Noise from railway sidings in the new Environment Act
It is always difficult to explain that, under current legislation, the noise of a particular train in a timetable is covered by certain standards and calculation and measurement methods, but the noise of the same train outside the timetable is covered by industrial noise with other standards and calculation and measurement methods. The new Environmental Act aims to make environmental law more transparent for citizens, companies and governments. It is logical that one of the intended changes is to eliminate this unclear situation for noise on railway sidings. New regulations are in the works, witness the draft text for the “Noise Supplement to the Environment Act”.
What is going to change?
In short, the noise from trains will be included in the noise production ceilings and will no be longer assessed separately. The remaining noise in railway sidings (for example from the maintenance and cleaning of trains) will continue to be subject to the industrial noise regime.
Where do you read that?
In the draft text for the Noise Supplement Decree, Article 3.26 (determining noise from roads and railways) states:
When determining the noise of a main railway, the noise of trains on railway sidings is taken into account.
The Explanatory Memorandum is very clear on the rationale behind this article:
The intention is to change this because it makes sense to bring all trains under the same noise assessment system.
In Article 3.25 (acoustic quality of national motorways and main railways), just before that, it says:
The manager [...] shall ensure that for main railways for which noise production ceilings have been established: a) when constructing or replacing a superstructure of a railway, that superstructure construction consists of long-welded track in a ballast bed on concrete sleepers or at least one acoustic equivalent superstructure construction, unless major objections of a technical nature dictate otherwise; and b) all bogies and switches on railway sidings that affect the noise on noise-sensitive buildings have a working rail conditioning system.The Explanatory Memorandum states that part b) concerns bogies and switches on sidings, that these must be fitted with rail conditioning as standard, and that these installations must also be kept in operation. However, this is only necessary for bogies and switches that are relevant for the noise that affects noise-sensitive buildings and that the manager must make that assessment.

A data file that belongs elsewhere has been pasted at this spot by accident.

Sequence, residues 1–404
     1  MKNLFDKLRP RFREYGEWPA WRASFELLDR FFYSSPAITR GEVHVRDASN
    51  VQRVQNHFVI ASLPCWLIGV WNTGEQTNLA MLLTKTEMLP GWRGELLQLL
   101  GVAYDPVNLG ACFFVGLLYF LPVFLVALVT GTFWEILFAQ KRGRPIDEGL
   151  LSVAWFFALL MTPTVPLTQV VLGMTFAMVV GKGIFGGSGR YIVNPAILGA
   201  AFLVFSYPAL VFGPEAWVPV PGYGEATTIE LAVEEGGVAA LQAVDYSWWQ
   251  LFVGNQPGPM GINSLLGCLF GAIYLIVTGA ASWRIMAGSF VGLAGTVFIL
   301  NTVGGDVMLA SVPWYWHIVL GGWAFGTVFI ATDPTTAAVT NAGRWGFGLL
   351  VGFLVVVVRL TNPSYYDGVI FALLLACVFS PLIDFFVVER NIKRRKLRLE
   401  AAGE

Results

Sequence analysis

What does this mean in practice?
- In future, the noise from the train will be assessed and monitored in one way, namely via noise production ceilings for the railways;
- The noise from other activities on the railway sidings, such as the use of a refuelling system, a washing installation and the workshop, continues to fall under the industrial noise regime;
- Wherever it causes relevant nuisance, the bogie noise on sidings will be suppressed as much as possible with special installations (the so-called rail conditioning systems). They must not only be put in place, they must also be effective and work. Since ProRail and NS are currently experimenting with the application of wheel-rail conditioning to tackle bogie noise, it is expected that this method could also be given a place in the law as acoustically equivalent here.
The law is still under development and some work remains to be done. The basic principle when introducing the Environment Act is that the level of protection (against the adverse effects of noise) remains guaranteed. For ProRail and the ministry, we examined which subjects should receive attention to ensure this. We have made recommendations for the follow-up process; for example, to answer questions such as: how is the noise from stationary trains included in the noise production ceilings? And does the through-track calculation actually work well at the low speeds at which trains run on railway sidings? This requires thorough research, which is currently in full swing, and M+P is involved in this again.